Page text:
Italy’s Weak Growth Is Becoming a Serious Problem

The simmering crisis in Italy is reflected most starkly in the country’s labor market, which is characterized by mass unemployment and poor job prospects for young people. There is a lack of flexibility for companies, work incentives are inadequate, and labor administration is inefficient. Labor productivity is low, which means labor costs are too high and uncompetitive. At the same time, Italy has the highest debt-to-GDP ratio (133 percent) of any EU member state after Greece. Unless radical reforms are implemented, it could become the next major crisis country and damage the single currency.

That is the conclusion reached by Klaus Schrader, economist and Europe expert at the Institute for the World Economy (IfW), and co-author Marta Ulivelli in their report Italy: A Crisis Country of Tomorrow? Insights from the Italian Labor Market. “Italy has fallen behind the rest of the EU in terms of competitiveness over the past 15 years. If it fails to implement structural change and successfully reform its labor market, we will see a worsening of the prospects for economic growth—and growth is absolutely essential when it comes to servicing the country’s enormous debt mountain,” said Schrader. “A tough austerity policy is unsustainable over the longer term and the flow of cheap money from the European Central Bank will eventually come to an end. Solid economic growth is therefore the only sustainable way in which Italy can reduce its huge debt. To do that, the country needs to resolve its self-made structural problems.”

Unfinished reform process

According to the report’s authors, the Monti-Fornero reform of 2012 and the Jobs Act introduced by Prime Minister Matteo Renzi in 2014 had the right intentions and delivered some minor improvements in the labor market. These reforms addressed crucial weaknesses by promoting labor mobility, increasing work incentives, and improving labor market integration for the unemployed, young people, and women. Nevertheless, the authors regard these reforms as incomplete—and insufficient to turn the labor market around.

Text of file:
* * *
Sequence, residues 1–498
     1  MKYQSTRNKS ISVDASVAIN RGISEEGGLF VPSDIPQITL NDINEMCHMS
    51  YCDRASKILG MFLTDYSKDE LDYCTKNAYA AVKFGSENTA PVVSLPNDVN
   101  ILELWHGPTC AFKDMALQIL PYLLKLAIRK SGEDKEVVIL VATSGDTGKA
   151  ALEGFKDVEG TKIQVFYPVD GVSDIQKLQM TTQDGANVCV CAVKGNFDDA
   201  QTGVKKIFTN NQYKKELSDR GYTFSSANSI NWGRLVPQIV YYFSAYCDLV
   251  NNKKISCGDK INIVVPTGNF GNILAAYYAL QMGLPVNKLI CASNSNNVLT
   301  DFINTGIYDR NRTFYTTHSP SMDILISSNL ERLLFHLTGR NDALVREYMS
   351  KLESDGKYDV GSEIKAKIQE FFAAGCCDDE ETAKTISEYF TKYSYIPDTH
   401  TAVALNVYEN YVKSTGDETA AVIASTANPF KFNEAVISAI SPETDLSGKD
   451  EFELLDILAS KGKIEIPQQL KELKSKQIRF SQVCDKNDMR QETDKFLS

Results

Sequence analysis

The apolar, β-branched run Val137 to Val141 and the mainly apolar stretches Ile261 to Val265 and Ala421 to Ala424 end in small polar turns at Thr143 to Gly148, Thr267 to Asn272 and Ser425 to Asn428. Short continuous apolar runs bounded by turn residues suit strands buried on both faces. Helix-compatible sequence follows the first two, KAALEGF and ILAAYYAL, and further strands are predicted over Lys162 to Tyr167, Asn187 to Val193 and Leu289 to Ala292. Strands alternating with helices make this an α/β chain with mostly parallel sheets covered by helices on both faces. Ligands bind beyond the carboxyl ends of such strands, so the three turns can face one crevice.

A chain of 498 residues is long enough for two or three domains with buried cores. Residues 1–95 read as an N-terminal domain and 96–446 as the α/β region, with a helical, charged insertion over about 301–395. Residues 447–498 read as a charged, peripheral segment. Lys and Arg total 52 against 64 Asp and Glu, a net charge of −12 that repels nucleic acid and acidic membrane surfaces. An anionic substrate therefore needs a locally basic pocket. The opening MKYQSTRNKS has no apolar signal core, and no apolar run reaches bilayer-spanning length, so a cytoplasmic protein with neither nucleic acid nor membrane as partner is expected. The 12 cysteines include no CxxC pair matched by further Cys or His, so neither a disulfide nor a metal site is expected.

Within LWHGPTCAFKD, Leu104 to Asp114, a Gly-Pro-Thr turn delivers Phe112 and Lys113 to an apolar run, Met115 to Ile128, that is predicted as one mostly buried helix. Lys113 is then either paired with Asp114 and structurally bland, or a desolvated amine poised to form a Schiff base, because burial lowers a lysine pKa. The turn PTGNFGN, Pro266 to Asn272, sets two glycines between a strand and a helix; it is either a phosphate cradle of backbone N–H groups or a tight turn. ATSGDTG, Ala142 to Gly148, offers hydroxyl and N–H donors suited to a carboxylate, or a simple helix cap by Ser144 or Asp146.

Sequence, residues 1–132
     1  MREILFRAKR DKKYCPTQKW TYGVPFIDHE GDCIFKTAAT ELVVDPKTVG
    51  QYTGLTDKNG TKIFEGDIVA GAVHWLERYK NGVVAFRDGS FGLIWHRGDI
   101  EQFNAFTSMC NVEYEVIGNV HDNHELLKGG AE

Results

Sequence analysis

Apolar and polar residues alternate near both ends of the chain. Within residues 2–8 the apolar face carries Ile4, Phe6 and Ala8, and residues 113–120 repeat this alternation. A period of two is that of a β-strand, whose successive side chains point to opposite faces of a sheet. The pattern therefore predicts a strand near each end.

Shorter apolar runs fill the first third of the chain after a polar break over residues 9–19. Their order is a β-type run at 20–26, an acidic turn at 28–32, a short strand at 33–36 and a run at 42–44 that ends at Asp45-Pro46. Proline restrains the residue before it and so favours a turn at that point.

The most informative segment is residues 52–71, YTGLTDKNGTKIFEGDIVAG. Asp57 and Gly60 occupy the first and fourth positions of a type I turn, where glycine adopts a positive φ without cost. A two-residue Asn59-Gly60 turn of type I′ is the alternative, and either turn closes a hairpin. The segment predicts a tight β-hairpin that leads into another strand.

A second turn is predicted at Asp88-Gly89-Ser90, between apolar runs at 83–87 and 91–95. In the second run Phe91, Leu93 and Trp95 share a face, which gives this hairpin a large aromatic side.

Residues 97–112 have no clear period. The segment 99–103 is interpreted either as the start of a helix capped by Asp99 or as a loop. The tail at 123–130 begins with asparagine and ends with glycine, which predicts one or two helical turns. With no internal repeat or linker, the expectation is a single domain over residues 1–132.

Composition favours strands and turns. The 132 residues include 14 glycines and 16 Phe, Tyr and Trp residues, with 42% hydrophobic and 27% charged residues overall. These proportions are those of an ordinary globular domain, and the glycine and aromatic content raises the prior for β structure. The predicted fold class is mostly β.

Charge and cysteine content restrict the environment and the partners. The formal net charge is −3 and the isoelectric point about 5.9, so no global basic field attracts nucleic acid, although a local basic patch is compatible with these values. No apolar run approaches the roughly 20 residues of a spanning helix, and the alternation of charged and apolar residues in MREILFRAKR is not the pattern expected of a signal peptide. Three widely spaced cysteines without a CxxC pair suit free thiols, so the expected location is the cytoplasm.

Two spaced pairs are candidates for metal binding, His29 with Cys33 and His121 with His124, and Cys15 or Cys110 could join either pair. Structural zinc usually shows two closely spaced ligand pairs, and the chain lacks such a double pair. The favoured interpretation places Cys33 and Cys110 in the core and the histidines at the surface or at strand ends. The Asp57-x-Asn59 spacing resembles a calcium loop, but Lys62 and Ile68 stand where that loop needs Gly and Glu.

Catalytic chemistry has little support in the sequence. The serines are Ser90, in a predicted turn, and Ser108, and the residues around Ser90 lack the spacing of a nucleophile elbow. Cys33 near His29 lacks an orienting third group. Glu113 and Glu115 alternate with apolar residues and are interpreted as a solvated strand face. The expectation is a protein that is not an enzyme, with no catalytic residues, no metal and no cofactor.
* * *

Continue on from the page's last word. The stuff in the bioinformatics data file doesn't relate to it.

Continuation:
The high rate of unemployment in the wake of the 2008 financial crisis has fallen only slightly in recent years and remains well above 10 percent. By contrast, the unemployment rate in the EU as a whole has declined considerably since 2013 and now stands at less than 8 percent. Many of the new jobs created in Italy are only part-time, while the number of working hours has not recovered from the sharp drop following the financial crisis and is still significantly below the level seen in 2000. “Also, most of the new jobs are lower-paid service positions—job quality in Italy has changed for the worse,” said Schrader.

Of particular concern is the high level of youth unemployment: peaking at 43 percent in 2014, it was still stuck at 38 percent in 2016. In other words, just over one in three young people available for work do not currently have a job. “The country is facing a ‘brain drain’—the loss of its intellectual potential through the emigration of the young and well-educated,” said Schrader.

Northern Italy no longer driving growth

While labor productivity in Italy has steadily weakened since 2000 compared with the EU average, labor costs remain above the EU average. The inevitable result is a loss of competitiveness. “There are structural problems here that cannot be resolved by simply lowering costs.”

There are still major discrepancies between the wealthy regions of Northern Italy and the poorer areas in the South. The unemployment rate in Southern Italy is around 20 percent, per capita income is only around two-thirds of the EU average, and real gross value added has been in decline for the past 15 years. Having said that, the economic weakness of the South is not the sole reason for Italy’s economic stagnation. “Southern Italy has failed throughout all these years to catch up economically with the North. However, the North has also performed poorly and failed to keep pace with the rest of the EU. It has thus been unable to act as a driver of growth for Italy as a whole,” commented Schrader.

“Italy needs effective reform of its labor market in order to regain its competitiveness and return to solid growth.” Italy is not yet another Greece, but without stronger growth it will have no sustainable means of servicing its enormous debt. The Italian government needs to implement a coherent package of reforms that will create the conditions for stronger growth and employment.”